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Texas bills would ban camping in public spaces

The bills come as Austin is working to develop updates to its strategy to address homelessness.

AUSTIN, Texas — On Monday, the Texas Senate Committee on Local Control heard Senate Bill 987, which would establish a statewide public camping ban and impose fines and penalties for camping in a public place.

The bill was introduced by Sen. Dawn Buckingham, a Republican from Lakeway just outside of Austin.

The discussion comes as Austin leaders have been meeting in a summit to develop a new strategy to address the area's homeless struggles. Also, in May, Austin voters will decide if they want to reinstate the city's orders regarding a public camping ban and panhandling, by voting for or against Proposition B.

During the April 12 hearing, Sen. Paul Bettencourt (TX-7), who chairs the Senate Local Government Committee, lashed out at Austin's homeless strategy officer who testified against the bill. 

"This policy has flunked and failed flat on its face and we've got thousands of people at risk in this county and this town as a result, so why are we defending it at all?" Bettencourt said. "The City of Austin has defaulted on any possibility of leadership on this for two years." 

Dianna Grey, the City's homeless strategy officer, told lawmakers she'd be happy to help them come up with a bill that is more suitable to the City's current situation.

"I understand the impulse but thinking that criminalizing unsheltered homelessness will make it go away is simply wishful thinking," Grey said. "Where are they going to go?"

Sen. Bettencourt said listening to the testimony of people who had been personally victimized by Austin's homeless population left him "outraged" and that while he doesn't get "lit up" very often, what he was hearing was "intolerable." 

"I am astonished that a member of city government would come and defend the policy that you appear to be defending because by any understanding of the testimony I have seen tonight, and I have seen a lot of testimony on a lot of bills, we have the public at risk, we have had people injured, we have people killed, we have had people in distress," Bettencourt said.

Rep. Giovanni Capriglione (R-Southlake) filled similar legislation, House Bill 1925, in the Texas House. The bill passed a house committee on Monday, which means it's now waiting for a vote from the full House.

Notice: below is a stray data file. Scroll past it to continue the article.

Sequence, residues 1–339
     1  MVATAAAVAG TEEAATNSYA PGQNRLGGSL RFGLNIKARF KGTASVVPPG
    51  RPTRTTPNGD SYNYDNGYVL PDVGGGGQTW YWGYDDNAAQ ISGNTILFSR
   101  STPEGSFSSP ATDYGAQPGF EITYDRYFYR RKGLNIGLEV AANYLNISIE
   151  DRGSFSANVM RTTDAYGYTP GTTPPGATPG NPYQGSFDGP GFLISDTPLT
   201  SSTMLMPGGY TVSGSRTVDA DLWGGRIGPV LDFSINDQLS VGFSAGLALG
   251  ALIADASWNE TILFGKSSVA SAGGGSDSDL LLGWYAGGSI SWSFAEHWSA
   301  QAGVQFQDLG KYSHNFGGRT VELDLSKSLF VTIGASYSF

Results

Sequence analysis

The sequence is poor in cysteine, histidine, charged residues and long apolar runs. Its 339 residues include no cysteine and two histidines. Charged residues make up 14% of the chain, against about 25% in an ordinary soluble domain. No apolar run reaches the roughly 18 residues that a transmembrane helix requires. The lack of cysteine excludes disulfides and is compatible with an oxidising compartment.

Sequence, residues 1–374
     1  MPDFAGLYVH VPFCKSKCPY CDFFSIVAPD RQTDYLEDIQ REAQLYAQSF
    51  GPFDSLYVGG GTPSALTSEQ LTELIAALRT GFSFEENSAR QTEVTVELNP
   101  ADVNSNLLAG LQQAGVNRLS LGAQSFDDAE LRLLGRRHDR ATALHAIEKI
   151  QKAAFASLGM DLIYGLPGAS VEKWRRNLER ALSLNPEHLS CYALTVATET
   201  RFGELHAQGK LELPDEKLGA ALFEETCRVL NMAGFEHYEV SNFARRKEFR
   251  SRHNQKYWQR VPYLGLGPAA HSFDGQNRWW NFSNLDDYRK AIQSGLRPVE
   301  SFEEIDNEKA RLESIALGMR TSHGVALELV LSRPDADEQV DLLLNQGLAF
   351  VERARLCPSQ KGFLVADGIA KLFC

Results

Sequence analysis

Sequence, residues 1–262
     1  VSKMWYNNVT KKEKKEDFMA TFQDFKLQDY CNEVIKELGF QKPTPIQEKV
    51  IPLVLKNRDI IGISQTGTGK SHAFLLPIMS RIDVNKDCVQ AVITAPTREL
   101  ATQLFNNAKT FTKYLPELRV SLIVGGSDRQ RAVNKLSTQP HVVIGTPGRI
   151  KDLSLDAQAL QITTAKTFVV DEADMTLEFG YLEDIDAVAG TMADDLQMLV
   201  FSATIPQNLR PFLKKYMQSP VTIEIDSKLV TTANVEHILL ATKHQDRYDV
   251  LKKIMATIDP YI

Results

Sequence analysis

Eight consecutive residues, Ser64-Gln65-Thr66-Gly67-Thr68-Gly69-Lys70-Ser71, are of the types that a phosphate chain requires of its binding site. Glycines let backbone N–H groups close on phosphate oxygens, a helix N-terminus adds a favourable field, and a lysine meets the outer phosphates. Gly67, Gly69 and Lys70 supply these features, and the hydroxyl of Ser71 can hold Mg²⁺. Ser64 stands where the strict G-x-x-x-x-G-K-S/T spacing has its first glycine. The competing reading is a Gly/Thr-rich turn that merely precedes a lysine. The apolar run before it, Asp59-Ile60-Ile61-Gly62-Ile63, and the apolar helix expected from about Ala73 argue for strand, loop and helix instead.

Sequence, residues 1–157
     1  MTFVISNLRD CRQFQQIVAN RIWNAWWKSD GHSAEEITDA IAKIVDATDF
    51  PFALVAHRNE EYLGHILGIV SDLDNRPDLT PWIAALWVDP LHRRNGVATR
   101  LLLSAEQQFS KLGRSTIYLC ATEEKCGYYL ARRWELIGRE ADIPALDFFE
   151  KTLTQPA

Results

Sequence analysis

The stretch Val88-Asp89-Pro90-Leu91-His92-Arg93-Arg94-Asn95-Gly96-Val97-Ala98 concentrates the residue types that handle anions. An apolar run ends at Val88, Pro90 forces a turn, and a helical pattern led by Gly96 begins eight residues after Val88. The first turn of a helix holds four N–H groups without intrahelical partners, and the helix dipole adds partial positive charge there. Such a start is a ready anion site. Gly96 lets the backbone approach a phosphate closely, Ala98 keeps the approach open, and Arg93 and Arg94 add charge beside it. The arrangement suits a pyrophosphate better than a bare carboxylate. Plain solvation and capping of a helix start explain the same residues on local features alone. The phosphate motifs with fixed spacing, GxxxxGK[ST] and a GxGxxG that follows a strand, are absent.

Austin Mayor Steve Adler said if the bills move forward and become law, Austin will fight it, saying "Austin is going to do everything it can to stop that kind of misguided action from happening."

"It's just wrong. Proposition B and the State ban ... because they don't do anything. If someone doesn't have a home, our goal should not be to give them a fine or put them in jail or to be able to scare them into the woods or the streams by threatening that," Adler said. 

Adler said the focus should be on getting people into homes and connecting them with services.

"The policies we had in the past did not work," he said. "It may be that you didn't see it as much because it was hidden, but the populations were continuing to grow and ultimately will overwhelm us unless we actually do something constructive."

The mayor said he wants the community to do better. 

"We don't want people camping or tenting anywhere. We have not done as good a job of that as we should. Part of that was the COVID rules we've been dealing with," Adler said. "But that's what we need to be focusing on, getting people into housing, getting them services, getting them off our streets, not doing something that does nothing more than add a criminal penalty."

WATCH: Austin Mayor Steve Adler: City 'will do everything it can' to fight Texas SB 987 

RELATED: New strategy to combat Austin’s homelessness expected to be unveiled this week

Prior to speaking to KVUE, Adler released a statement against Sen. Buckingham's bill:

Senate Bill 987’s camping ban doesn’t do anything to get people out of tents and off our streets. All SB 987 does is impose possible jail and fines for those without homes. At best, it will force those without shelter to hide and that’s even less safe. This bill, like Proposition B, offers no help and no solution. We can and must do better to get people out of tents, not merely to move their tents out of sight. SB 987 is not the answer.

Let’s not hide people; let’s house them. We can’t go back to the failed policies of the past that we know don’t work, like threatening jail and fines to make people move – when there’s nowhere for those people to move to. Instead, let’s commit to house all our neighbors."

Join me in calling the committee members to vote no on SB 987. 

Texas Gov. Greg Abbott also released a statement on Monday:

Allowing homeless encampments in public spaces poses a danger to our communities, including the homeless population. We cannot sit idly by and allow Texas families and businesses to suffer the economic and public health consequences that these encampments bring into our cities. These pieces of legislation provide a uniform policy for the entire state that will hold cities accountable to develop meaningful and compassionate long-term solutions to support those experiencing homelessness. I thank Sen. Buckingham and Rep. Capriglione for filing these important pieces of legislation and will work alongside the Legislature to sign these bills into law.

The Ending Community Homelessness Coalition (ECHO) voiced its stance on Prop B, asking people to vote no in the May election. ECHO said it's also opposed to SB 987. 

Meanwhile, the Austin Chamber of Commerce Board of Directors announced it's in favor of Prop B.

Mayor Adler joined KVUE Monday morning, where he discussed homelessness in Austin, among other big topics facing the city.

RELATED: Mayor Steve Adler addresses rise in violent crime across Austin


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